Taxation of 831(b) Microcaptives and IRS Concerns

 
Captive Tax Issues | P. Bruce Wright | Partner | Eversheds Sutherland (US) LLP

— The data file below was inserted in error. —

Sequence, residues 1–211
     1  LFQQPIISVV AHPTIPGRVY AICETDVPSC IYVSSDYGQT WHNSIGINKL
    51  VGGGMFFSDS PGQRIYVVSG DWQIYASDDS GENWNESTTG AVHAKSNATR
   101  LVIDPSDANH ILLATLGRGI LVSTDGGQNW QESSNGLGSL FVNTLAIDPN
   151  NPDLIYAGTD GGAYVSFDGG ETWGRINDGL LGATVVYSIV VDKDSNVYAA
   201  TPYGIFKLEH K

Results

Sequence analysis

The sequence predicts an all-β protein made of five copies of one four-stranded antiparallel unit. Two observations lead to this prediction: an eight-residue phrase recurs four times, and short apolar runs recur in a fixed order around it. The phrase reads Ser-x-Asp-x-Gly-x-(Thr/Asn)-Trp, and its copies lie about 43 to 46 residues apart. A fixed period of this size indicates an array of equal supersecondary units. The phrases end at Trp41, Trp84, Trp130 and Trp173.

In this video, P. Bruce Wright of Eversheds Sutherland (US) LLP addresses the special taxation case of micro-captive insurance companies. Section 831(b) of the Internal Revenue Code applies to insurance companies with less than $2.2 million in net premium. An 831(b) company does not need to pay taxes on its underwriting income and does not take deductions for losses. In short, the company (taxpayer) only pays taxes on its investment income. This said, in order for a micro-captive to take this tax deduction, the standard elements of risk transfer, common notions of insurance, and risk distribution still must occur.  Due to their small size, risk distribution from unrelated business or from a certain number of subsidiaries can be difficult for micro-captives to achieve. As a result, they often use risk pooling arrangements to achieve risk shifting, in the form of unrelated business, by exchanging their risk with others under varying contractual arrangements. With these arrangements in various contexts (speeches, information letter requests, and information document requests), the Internal Revenue Service has expressed concern with the nature/types of risks being written (not typical to the specific insured) and the presence of adequate risk transfer (specific concerns with pooling arrangements and limited obligations).